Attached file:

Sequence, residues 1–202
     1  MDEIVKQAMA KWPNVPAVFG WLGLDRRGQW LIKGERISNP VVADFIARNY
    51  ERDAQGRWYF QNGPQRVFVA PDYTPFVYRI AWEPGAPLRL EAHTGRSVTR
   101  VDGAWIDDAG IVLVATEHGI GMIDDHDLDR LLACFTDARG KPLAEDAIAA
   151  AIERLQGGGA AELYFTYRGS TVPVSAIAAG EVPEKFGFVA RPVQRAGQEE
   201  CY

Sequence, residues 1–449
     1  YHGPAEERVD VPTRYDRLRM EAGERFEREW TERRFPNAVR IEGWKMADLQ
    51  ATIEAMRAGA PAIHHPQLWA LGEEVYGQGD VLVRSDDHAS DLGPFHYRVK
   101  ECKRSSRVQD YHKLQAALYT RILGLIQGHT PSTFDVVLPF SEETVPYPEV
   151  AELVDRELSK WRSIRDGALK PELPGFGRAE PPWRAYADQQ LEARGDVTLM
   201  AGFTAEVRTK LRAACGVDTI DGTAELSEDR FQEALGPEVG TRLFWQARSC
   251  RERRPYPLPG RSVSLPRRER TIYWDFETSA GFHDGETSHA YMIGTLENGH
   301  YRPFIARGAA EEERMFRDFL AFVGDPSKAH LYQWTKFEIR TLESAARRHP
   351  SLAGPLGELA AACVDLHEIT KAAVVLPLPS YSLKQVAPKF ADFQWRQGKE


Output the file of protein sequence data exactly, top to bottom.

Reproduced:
Sequence, residues 1–202
     1  MDEIVKQAMA KWPNVPAVFG WLGLDRRGQW LIKGERISNP VVADFIARNY
    51  ERDAQGRWYF QNGPQRVFVA PDYTPFVYRI AWEPGAPLRL EAHTGRSVTR
   101  VDGAWIDDAG IVLVATEHGI GMIDDHDLDR LLACFTDARG KPLAEDAIAA
   151  AIERLQGGGA AELYFTYRGS TVPVSAIAAG EVPEKFGFVA RPVQRAGQEE
   201  CY

Sequence, residues 1–449
     1  YHGPAEERVD VPTRYDRLRM EAGERFEREW TERRFPNAVR IEGWKMADLQ
    51  ATIEAMRAGA PAIHHPQLWA LGEEVYGQGD VLVRSDDHAS DLGPFHYRVK
   101  ECKRSSRVQD YHKLQAALYT RILGLIQGHT PSTFDVVLPF SEETVPYPEV
   151  AELVDRELSK WRSIRDGALK PELPGFGRAE PPWRAYADQQ LEARGDVTLM
   201  AGFTAEVRTK LRAACGVDTI DGTAELSEDR FQEALGPEVG TRLFWQARSC
   251  RERRPYPLPG RSVSLPRRER TIYWDFETSA GFHDGETSHA YMIGTLENGH
   301  YRPFIARGAA EEERMFRDFL AFVGDPSKAH LYQWTKFEIR TLESAARRHP
   351  SLAGPLGELA AACVDLHEIT KAAVVLPLPS YSLKQVAPKF ADFQWRQGKE